Exxon to Pay $300 Million for US Pollution Cases

Exxon Pay $300 Million US Pollution Cases

The Department of Justice, the U.S. Environmental Protection Agency (EPA), and the Louisiana Department of Environmental Quality (LDEQ) announced a settlement today with Exxon Mobil Corp. and ExxonMobil Oil Corp., (ExxonMobil) that will eliminate thousands of tons of harmful air pollution from eight of Exxon’s petrochemical manufacturing facilities in Texas and Louisiana. The settlement resolves allegations that ExxonMobil violated the Clean Air Act by failing to properly operate and monitor industrial flares at their petrochemical facilities, which resulted in excess emissions of harmful air pollution.

ExxonMobil will spend approximately $300 million to install and operate air pollution control and monitoring technology to reduce harmful air pollution from 26 industrial flares at five ExxonMobil facilities in Texas—located near Baytown, Beaumont, and Mont Belvieu—and three of the company’s facilities in Baton Rouge, Louisiana.

Once fully implemented, the pollution controls required by the settlement are estimated to reduce harmful air emissions of volatile organic compounds (VOCs) by more than 7,000 tons per year. The settlement is also expected to reduce toxic air pollutants, including benzene, by more than 1,500 tons per year.

The Louisiana Department of Environmental Quality is also a signatory of today’s settlement, which resolves alleged violations of Louisiana law at ExxonMobil’s three plants in Baton Rouge, Louisiana.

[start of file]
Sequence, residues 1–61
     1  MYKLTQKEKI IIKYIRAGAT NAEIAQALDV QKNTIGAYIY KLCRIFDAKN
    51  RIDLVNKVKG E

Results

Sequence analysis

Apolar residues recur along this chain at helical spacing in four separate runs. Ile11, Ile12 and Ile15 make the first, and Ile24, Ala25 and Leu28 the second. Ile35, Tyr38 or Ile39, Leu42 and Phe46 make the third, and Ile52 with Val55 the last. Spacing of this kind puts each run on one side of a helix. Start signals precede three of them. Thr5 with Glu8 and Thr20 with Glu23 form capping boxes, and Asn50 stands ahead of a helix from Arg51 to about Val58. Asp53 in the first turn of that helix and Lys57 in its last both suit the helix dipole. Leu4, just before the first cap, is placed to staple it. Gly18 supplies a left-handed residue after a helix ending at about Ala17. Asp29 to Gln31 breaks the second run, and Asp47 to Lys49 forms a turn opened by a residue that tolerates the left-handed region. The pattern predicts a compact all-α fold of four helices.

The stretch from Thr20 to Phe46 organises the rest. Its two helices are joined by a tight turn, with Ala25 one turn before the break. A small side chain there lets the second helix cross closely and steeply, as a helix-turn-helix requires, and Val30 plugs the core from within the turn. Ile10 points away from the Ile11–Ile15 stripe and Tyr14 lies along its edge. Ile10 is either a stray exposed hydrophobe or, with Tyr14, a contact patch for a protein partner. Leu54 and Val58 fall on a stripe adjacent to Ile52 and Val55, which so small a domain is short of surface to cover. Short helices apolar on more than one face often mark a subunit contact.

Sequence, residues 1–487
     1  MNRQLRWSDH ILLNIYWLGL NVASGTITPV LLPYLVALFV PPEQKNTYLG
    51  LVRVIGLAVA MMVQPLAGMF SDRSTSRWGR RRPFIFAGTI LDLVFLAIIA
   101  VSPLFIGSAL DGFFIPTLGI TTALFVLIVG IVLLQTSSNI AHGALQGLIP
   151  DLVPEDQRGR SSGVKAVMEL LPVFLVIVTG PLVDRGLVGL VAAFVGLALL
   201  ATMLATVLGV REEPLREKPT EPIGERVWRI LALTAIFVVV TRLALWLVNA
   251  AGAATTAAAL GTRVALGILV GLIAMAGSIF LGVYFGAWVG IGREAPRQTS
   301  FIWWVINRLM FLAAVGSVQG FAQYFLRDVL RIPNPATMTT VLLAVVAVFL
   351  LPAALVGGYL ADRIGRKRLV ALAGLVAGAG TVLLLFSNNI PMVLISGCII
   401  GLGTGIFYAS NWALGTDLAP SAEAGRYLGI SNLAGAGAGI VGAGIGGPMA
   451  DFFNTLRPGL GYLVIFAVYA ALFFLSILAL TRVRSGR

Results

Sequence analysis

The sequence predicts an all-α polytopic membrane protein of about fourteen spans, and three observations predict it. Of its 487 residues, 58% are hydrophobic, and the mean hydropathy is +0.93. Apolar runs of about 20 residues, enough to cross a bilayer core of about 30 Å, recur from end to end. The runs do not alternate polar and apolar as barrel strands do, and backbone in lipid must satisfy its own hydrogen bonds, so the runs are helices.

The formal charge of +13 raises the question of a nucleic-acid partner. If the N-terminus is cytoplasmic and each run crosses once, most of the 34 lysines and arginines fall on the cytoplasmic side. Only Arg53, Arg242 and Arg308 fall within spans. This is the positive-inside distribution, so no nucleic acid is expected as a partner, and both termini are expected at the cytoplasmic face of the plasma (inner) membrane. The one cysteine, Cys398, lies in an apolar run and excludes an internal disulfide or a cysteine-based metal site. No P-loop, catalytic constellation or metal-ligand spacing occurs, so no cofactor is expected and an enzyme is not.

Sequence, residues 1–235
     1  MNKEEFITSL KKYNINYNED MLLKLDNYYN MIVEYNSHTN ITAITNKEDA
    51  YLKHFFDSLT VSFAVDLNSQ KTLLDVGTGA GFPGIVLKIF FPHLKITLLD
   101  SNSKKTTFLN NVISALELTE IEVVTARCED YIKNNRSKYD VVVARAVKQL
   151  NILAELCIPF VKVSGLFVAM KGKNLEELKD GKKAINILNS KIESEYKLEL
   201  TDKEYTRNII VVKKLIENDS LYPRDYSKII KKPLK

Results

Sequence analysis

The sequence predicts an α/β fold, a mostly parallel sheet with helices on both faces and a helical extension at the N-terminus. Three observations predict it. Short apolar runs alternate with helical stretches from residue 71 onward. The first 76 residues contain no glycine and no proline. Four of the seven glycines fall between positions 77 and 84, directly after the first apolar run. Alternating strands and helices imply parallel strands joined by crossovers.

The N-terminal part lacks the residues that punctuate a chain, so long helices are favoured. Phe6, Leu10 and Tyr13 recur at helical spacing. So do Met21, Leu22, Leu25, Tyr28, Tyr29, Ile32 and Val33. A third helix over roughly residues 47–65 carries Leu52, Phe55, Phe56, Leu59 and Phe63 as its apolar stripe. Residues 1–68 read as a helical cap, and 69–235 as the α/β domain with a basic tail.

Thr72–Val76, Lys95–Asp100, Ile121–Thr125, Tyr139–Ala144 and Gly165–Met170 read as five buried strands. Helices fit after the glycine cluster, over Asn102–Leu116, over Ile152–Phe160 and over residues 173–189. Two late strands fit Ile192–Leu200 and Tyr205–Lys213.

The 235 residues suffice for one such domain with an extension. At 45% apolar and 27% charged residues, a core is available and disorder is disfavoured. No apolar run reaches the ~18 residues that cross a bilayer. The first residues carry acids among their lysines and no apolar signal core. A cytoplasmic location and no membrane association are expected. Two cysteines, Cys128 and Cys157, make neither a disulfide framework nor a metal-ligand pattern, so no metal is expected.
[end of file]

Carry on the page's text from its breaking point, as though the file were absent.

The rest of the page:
“This settlement will improve air quality in Texas and Louisiana by eliminating thousands of tons of harmful air pollution each year,” said Acting Assistant Attorney General Jeffrey H. Wood of the Environment and Natural Resources Division of the Department of Justice.  “The agreement, which requires Exxon to reduce emissions from its facilities in Texas and Louisiana, demonstrates the Justice Department’s continuing efforts, alongside EPA and our state partners, to protect the American public from these harmful pollutants by bringing sources of air pollution into compliance with the Clean Air Act.”

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SOURCE: U.S. Dept. of Justice press release, October 31, 2017

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